Construction of the Trans-Atlantic Slave Trade Database: Sources and Methods

David Eltis (Emory University), 2010

Nature of Sources

Much of what is new in this data set lies in the sources, which call for some discussion. The published data draw on a wide range of published and archival information. Postma, Mettas, and Richardson used new material in the preparation of their published catalogues of voyages. Our data set does not reproduce all the sources that previous authors used and listed. Thus, voyages drawn from published sources are represented here by that single reference to them alone. Anyone wishing to consult their archival references will have to look them up in the hard copy of these published volumes. We edited individual voyage details in these collections only when we found new documentary evidence to support a change; consequently, we added these new references to the source record. Pulling together the results of work carried out in separate national archives was particularly fruitful because trans-Atlantic slave vessels could clear from one jurisdiction and arrive in the Americas in another. Specifically, the international nature of the slave trade meant that a voyage that might appear primarily in one national body of records had a very good chance of showing up, in addition, in the records of other countries. Thus, voyages organized by London merchants operating independently of the Royal African Company (RAC) in the 1670s and 1680s obtained their slaves in South-east Africa, outside the RAC’s English monopoly and where the English East India Company had little physical presence. Because almost all these ships called at the Cape before beginning their trans-Atlantic journeys, several of them appear in the Dutch Cape of Good Hope archives.(3 ) Portuguese ships leaving Bahia in Brazil for the "Mina" coast appear in English Cape Coast Castle material at the Public Record Office. Slave ships of every nationality appear in Lloyd’s Lists, and of course the hundreds of slave ships captured in the many European wars are often carefully documented in the archives of the captors, as well as in the records of the nations to which the ships belonged. Indeed, the South Atlantic Portuguese trade has fewer sources per voyage, precisely because this branch of the traffic operated independently of the others. Winds and ocean currents kept the South Atlantic trade out of the non-Portuguese archives, as well as keeping northern Europeans out of South Atlantic ports.

Of the 34,948 voyages in the data set, 12,320 have only one source listed. In fact, more than half of these apparently single-source records are taken from already published material where, in nearly all cases, additional primary references are to be found. Furthermore, other publications on which the present data set draws, such as Coughtry’s listing of Rhode Island voyages, are based on a range of primary documents which are not listed by voyage in the publication itself. After allowing for these multi-sourced single references, it would appear that perhaps only one in six of the 34,948 voyages are based on a single historical record. Sixty percent of the voyages in the set have three or more separate sources each. Researchers should no longer need to depend on data collected on the basis of a single source. Abbreviated reference to the sources for any particular voyage can be viewed in the results section of the database by clicking on “configure columns” and transferring “sources” from left box to the right box in the resulting window. The full reference may be viewed by rolling the cursor over the abbreviated source or by clicking on the row of a voyage to view voyage details. Alphabetic listings of references and full descriptions of locations are to be found in Home> Voyages Database> Understanding the database> Sources .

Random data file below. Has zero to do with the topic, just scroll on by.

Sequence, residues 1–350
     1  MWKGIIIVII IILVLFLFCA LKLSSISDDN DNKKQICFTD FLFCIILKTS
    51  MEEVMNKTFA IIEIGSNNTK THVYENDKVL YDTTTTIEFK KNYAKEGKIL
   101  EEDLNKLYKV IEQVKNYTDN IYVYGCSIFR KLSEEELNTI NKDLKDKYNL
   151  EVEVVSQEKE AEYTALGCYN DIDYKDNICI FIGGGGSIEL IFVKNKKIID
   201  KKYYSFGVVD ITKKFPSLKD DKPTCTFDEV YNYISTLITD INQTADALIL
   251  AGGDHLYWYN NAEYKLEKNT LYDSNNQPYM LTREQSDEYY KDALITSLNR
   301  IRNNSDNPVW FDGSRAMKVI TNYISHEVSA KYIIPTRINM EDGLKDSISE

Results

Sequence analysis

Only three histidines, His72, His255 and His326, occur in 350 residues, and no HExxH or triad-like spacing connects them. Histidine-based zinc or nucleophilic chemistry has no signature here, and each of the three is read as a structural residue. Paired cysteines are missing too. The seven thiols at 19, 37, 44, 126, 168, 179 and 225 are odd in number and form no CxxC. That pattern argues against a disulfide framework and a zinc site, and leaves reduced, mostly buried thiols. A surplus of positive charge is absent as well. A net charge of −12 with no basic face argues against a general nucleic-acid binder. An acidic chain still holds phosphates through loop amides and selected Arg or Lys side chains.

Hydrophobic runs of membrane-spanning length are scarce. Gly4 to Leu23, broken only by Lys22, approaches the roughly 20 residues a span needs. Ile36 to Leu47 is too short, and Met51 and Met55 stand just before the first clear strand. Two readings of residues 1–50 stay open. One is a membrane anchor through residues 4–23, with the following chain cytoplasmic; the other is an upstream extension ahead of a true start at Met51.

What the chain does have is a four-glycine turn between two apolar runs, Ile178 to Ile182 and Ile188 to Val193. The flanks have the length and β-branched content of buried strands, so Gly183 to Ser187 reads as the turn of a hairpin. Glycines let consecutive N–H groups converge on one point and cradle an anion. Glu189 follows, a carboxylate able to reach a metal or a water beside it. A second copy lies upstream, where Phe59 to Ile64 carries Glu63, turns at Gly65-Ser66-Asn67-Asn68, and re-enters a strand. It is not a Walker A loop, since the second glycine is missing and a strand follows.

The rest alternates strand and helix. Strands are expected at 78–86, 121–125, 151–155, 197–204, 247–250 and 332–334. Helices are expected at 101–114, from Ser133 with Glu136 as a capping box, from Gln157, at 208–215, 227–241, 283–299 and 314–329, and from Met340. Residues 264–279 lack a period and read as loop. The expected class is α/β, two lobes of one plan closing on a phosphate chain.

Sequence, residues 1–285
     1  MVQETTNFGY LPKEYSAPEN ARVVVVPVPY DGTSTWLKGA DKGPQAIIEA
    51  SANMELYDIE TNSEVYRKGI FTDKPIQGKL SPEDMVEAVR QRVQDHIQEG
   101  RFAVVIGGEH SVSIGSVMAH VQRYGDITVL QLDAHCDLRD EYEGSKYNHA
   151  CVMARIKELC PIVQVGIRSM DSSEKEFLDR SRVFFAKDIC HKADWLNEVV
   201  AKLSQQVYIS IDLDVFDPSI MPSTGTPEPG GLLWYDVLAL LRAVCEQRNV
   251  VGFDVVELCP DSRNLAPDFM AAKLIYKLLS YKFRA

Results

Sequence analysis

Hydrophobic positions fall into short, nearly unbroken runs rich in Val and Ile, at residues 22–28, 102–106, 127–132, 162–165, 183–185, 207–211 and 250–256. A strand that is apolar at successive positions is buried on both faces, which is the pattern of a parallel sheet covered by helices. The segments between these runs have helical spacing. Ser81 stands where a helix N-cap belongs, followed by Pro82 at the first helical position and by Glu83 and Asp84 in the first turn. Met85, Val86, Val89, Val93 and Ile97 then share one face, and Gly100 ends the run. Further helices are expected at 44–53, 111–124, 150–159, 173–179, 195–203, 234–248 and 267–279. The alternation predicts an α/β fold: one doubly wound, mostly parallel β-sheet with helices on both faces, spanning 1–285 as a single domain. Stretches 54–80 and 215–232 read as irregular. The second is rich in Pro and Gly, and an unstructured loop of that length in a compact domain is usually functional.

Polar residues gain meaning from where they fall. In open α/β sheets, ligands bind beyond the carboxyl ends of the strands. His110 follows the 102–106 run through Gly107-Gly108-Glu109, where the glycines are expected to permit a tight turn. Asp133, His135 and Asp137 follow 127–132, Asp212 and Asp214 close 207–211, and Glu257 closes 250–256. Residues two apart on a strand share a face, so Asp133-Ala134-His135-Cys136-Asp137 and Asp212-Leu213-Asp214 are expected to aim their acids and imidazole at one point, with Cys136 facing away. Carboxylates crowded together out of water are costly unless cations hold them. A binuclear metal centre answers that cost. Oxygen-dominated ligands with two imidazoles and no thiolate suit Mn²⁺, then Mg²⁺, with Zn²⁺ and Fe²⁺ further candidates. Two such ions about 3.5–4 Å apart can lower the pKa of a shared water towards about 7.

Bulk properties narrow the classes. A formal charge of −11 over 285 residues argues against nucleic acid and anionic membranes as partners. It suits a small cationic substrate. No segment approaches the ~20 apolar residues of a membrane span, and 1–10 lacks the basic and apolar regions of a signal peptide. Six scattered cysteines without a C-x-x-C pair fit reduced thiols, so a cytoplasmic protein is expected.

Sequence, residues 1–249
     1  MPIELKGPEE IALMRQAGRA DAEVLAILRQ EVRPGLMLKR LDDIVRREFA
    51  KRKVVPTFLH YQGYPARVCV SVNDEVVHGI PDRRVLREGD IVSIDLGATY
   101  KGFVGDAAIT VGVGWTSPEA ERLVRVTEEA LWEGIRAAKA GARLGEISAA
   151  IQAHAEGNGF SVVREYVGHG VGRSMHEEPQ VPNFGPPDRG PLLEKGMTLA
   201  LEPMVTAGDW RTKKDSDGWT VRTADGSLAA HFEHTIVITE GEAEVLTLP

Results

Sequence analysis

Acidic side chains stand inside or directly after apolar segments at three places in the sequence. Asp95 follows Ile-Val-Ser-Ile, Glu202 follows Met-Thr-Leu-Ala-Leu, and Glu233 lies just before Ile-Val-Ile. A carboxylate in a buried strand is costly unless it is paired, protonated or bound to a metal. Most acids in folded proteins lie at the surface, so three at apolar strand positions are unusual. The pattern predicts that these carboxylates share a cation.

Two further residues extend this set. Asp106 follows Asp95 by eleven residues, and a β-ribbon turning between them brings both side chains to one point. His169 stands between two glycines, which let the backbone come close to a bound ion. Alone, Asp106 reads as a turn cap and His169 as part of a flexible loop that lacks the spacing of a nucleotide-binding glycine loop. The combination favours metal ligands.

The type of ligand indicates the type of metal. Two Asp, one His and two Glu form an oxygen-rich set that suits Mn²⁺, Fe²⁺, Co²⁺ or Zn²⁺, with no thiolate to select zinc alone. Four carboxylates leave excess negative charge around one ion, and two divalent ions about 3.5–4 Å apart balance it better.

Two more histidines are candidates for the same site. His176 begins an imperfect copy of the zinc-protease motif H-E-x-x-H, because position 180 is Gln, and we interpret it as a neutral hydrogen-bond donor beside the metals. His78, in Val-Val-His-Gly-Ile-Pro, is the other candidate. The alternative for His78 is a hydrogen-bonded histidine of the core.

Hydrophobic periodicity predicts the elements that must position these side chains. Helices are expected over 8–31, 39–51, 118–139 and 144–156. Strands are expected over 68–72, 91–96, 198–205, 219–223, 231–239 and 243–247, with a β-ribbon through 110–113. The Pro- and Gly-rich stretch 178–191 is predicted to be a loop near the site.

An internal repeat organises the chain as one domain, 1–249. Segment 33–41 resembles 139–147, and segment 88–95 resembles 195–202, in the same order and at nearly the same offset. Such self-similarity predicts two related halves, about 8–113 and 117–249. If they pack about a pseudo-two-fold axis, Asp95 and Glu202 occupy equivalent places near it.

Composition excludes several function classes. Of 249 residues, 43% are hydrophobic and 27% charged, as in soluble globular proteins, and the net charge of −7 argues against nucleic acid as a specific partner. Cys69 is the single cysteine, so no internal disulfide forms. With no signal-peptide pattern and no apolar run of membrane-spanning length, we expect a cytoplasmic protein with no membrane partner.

While the sources are relatively rich, diversity brings a new set of problems. We can hardly expect that reports on voyages made several thousand miles—as well as several months—apart, often in different languages and under different bureaucracies, each with a separate set of official procedures to follow, to always generate perfectly consistent information. For example, 216 voyages in the data set apparently arrived in the Americas with more slaves on board than when they left Africa. Others left port more than once on the same voyage, and some ships reportedly changed tonnage and even rig in the course of the voyage. The same ship occasionally appears under more than one name on the same voyage. Those used to working with a single source per voyage and generating data sets without any conflicting information should be warned that the editors have not attempted to correct all these problems. The data set offered here is by no means "clean" in the sense of being entirely internally consistent. We have pursued and eliminated many of the inconsistencies, but to eliminate all would have imposed an order on the historical record that anyone who has visited the archives (or indeed examined published sources such as Mettas or Richardson) knows does not exist. The editors always entered only one value per variable when faced with alternative information. In making such choices, we followed certain rules that researchers can change after going back to the sources. If users elect to do this, however, they, too, will have a set which is both not "clean" and not necessarily reflective of the historical records from which it is drawn.

Coverage of the Slave Trade Cases and Variables
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